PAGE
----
Cricut is the BEST ever craft tool. I kid you not. Cricut changed how I craft for the better (read my story here). And as of August 20, 2017, there is a new Cricut on the scene — the Cricut Maker. I am pretty frugal, so I thought long and hard about whether I really need another Cricut. I spent a lot of time researching the new cutting machine and I found that the Cricut Maker has some significant differences. So let’s put these cutting machines head-to-head — Cricut Maker vs. Cricut Explore — and see how they compare.
Trying to decide between the Cricut Maker and Silhouette Cameo 3? I have a comparison of that as well over at Cricut Maker vs Silhouette Cameo 3: What’s Different, What’s Best?
ALERT: The Cricut Maker and Explore machines is on SALE RIGHT NOW at their lowest prices ever:
But before I get too far, let me introduce the Cricut to those who are unfamiliar. Cricuts are computer-guided cutting machines. They cut precisely and FAST. They cut over 100 materials up to 12″ x 24″ in size. They are essentially little CNC machines, but oh so much easier to use than the big ones that cut plywood and metal. Cricuts are the ultimate DIY cutting machine.
The Cricut Maker takes this to a whole new level by introducing several new blades — a rotary blade, a knife blade, a wavy blade, a perforation blade, an engraving tip, and a debossing tip. The rotary blade allows you to cut fabric without any backing material and the knife blade lets you cut thick things like leather and thin wood. You can read about the other blades (wavy, performation, engraving, and debossing here!) The new blades glide and roll, and are very adaptive. The rotary blade can even be used to cut super thin and wrinkly materials, like tissue paper and crepe paper. (Hello, crepe paper flowers!) The Cricut Maker can control the direction of the blade and the cut pressure to match your material It’s a game changer for makers like me and you.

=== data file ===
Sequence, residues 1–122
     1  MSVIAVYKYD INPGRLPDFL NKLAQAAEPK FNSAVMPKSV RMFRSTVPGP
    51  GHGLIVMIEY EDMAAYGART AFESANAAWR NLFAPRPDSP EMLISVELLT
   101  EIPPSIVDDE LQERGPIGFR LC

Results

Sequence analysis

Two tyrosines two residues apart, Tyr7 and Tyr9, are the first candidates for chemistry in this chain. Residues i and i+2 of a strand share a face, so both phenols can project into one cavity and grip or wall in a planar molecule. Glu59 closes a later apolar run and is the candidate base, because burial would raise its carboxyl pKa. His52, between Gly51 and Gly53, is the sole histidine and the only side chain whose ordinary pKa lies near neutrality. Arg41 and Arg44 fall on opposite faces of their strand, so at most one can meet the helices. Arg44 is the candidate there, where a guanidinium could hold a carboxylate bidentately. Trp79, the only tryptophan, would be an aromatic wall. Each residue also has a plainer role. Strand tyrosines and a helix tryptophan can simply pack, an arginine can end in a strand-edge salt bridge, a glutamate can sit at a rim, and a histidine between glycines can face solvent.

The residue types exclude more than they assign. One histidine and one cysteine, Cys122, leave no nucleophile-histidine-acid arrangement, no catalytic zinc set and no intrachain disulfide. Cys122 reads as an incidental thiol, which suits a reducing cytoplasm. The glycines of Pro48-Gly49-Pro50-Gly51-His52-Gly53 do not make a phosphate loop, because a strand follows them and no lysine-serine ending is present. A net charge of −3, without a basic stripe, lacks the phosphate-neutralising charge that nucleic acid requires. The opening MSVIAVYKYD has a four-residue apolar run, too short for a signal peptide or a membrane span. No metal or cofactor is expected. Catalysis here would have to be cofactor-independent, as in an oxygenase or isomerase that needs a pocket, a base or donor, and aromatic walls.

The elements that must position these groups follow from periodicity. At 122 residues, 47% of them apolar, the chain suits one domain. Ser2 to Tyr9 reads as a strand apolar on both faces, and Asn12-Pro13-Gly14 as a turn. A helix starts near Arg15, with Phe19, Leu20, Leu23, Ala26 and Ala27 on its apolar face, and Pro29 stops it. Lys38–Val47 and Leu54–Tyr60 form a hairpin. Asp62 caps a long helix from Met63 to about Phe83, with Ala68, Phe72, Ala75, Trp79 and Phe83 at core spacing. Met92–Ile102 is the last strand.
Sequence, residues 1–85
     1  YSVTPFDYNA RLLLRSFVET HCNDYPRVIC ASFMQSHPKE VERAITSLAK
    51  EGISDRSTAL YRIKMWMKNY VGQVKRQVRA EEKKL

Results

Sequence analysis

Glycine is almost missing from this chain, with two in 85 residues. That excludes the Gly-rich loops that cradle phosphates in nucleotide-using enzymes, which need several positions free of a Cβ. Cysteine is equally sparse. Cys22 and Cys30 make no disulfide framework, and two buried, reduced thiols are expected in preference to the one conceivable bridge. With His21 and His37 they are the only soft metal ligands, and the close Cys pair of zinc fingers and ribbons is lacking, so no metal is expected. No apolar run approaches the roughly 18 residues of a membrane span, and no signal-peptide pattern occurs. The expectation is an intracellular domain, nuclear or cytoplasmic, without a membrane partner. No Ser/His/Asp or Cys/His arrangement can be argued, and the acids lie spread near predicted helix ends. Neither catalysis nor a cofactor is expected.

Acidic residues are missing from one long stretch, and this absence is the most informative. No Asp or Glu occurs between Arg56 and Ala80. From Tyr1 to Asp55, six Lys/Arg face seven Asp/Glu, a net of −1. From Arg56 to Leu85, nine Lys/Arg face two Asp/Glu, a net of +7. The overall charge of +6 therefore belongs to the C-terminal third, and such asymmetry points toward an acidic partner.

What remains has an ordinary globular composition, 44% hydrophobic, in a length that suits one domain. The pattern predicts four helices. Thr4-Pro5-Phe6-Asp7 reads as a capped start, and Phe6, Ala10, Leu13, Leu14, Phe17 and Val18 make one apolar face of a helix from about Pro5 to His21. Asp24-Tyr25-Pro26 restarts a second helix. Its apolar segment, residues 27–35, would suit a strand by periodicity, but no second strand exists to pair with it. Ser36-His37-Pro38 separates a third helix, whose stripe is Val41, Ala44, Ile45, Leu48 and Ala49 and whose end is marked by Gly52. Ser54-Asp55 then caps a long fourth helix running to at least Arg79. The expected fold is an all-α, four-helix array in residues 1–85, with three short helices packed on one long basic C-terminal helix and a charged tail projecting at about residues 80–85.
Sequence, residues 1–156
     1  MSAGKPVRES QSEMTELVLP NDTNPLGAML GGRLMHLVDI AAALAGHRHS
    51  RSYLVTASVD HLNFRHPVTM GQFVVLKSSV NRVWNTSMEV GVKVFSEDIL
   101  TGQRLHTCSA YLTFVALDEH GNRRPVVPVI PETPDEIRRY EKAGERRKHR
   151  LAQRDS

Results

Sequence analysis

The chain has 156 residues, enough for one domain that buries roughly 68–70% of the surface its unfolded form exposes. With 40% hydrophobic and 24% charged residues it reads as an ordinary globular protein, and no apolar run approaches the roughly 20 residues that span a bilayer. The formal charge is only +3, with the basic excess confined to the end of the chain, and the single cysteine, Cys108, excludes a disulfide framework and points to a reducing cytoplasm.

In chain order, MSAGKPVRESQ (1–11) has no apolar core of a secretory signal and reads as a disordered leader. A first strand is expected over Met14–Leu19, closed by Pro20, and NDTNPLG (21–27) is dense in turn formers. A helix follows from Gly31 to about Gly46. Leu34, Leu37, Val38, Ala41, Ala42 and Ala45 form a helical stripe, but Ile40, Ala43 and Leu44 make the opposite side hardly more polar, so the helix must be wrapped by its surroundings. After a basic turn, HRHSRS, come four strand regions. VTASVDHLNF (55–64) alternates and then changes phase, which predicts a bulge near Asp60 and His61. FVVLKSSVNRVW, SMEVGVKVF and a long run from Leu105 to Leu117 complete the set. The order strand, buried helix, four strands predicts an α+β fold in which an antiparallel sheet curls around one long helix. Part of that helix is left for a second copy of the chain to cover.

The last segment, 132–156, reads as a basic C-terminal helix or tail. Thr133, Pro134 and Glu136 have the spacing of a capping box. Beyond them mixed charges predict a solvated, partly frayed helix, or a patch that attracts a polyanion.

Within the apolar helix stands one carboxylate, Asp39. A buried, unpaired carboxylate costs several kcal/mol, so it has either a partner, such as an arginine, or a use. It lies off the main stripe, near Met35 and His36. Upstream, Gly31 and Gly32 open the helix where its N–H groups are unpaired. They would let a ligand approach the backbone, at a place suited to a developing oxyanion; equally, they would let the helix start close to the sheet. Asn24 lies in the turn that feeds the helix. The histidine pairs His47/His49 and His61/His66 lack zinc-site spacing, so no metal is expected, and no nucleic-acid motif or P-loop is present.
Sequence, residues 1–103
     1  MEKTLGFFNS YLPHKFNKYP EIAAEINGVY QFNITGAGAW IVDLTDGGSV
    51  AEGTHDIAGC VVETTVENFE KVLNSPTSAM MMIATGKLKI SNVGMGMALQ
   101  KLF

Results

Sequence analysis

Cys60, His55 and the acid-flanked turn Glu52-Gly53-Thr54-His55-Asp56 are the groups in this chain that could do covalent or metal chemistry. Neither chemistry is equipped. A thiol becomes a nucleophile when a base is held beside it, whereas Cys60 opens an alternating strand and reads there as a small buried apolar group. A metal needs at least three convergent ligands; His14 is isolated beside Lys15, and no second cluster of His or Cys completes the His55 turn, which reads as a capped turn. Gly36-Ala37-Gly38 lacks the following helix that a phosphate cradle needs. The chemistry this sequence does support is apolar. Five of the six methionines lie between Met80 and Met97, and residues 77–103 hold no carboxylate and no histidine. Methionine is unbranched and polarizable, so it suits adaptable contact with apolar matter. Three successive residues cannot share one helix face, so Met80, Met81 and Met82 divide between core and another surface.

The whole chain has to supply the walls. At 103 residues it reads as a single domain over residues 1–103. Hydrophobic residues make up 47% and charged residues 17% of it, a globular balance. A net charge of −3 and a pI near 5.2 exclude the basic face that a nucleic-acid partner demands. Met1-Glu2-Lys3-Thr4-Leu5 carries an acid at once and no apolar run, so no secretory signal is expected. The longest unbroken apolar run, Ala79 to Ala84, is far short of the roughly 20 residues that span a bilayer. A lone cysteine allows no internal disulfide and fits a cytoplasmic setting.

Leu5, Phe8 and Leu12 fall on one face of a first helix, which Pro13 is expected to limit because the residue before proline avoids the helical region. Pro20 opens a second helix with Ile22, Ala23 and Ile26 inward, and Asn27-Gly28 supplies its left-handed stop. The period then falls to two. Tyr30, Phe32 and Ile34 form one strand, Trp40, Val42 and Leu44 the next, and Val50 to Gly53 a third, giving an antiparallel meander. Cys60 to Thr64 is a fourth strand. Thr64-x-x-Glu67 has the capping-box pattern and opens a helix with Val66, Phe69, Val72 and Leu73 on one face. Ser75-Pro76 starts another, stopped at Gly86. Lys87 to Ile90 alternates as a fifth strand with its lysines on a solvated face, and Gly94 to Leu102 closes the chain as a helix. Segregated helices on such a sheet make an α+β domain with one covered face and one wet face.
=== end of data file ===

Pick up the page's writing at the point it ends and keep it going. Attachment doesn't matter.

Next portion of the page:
This post is NOT sponsored nor affiliated with Provo Craft, the makers of the Cricut machines; it my 100% honest opinion and review. This post contains some affiliate links for your convenience (which means if you make a purchase after clicking a link I will earn a small commission but it won’t cost you a penny more)! Read my full disclosure policy.
Cricut Maker vs. Cricut Explore: How Do They Stack Up?
|Cricut Maker||Cricut Explore|
|List price||$399 (on sale right now - lowest price ever!)||$299 (on sale right now - lowest price ever!)|
|Fine-Point or Deep-Cut Blade||(You can cut all the same paper and vinyl on the Maker that you can cut on the Explore)|
|Rotary Cutting Blade||(This is what cuts fabric without the need for any backing)|
|Knife Blade||(This is what cuts leather and wood)|
|Scoring Tool||(This produces a better score)||(can only use the scoring stylus, not the scoring tool)|
|Sewing Patterns||(Via Cricut Access)|
|Machine colors||Champagne/grey (standard color), rose, blue, and lilac||Lots of colors to chose from (I have a rose and mint one)|
Is Anything Else Different?
- The Cricut Maker has a built-in shelf on the machine for your iPad, iPhone, or other smart device (you can see it in my picture at the top of this post).